modern man III, Annie Cohen Kopchovsky, rethinking easter island

modern man III 

“Modern man must descend the spiral of his own absurdity to the lowest point; only then can he look beyond it. It is obviously impossible to get around it, jump over it, or simply avoid it.” – Vaclav Havel

…that the first woman to cycle around the world was a Jewish mother from Boston? 

Rethinking the Fall of Easter Island New evidence points to an alternative explanation for a civilization’s collapse

When I first went to Rapa Nui to conduct archaeological research, I expected to help confirm this story. Instead, I found evidence that just didn’t fit the underlying timeline. As I looked more closely at data from earlier archaeological excavations and at some similar work on other Pacific islands, I realized that much of what was claimed about Rapa Nui’s prehistory was speculation. I am now convinced that self-induced environmental collapse simply does not explain the fall of the Rapanui.

It was probably a mistake to think of Easter Island as the world’s ecosystem in miniature anyway.

The evidence from elsewhere in the Pacific makes it hard to believe that rats would not have caused rapid and widespread environmental degradation. But there is still the question of how much of an effect rats had relative to the changes caused by humans, who cut down trees for a number of uses and practiced slash-and-burn agriculture. I believe that there is substantial evidence that it was rats, more so than humans, that led to deforestation.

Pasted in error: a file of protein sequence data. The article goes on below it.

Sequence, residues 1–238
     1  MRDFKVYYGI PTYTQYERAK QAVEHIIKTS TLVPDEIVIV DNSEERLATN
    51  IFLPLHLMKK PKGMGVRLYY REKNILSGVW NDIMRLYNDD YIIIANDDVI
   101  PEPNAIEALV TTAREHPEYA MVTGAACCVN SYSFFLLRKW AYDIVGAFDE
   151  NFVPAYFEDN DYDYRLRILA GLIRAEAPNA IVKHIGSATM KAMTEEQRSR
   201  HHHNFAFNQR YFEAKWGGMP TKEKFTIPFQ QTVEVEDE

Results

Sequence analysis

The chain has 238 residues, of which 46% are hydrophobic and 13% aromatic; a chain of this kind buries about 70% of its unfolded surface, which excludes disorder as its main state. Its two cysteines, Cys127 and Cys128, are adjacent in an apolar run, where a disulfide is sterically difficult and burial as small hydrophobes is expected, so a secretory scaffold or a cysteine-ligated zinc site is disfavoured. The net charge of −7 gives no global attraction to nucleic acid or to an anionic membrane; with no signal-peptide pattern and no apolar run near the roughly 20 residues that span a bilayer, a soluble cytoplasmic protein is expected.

Modern man did his little part, but may not have had much choice. It does look as though the original island forests was over exploited, but man being the resourceful adapter still managed to survive. What finished off the island? Unthinking man that introduced the rats, though we don’t know whether is was through negligence or just naivete. Maybe the thing to learn from Easter Island isn’t that modern western man is a  serial screw-up (though that might be true too), but that given knowledge can make better and more rational decisions. Once ecosystems are pushed out of balance it can take generations to make them right again.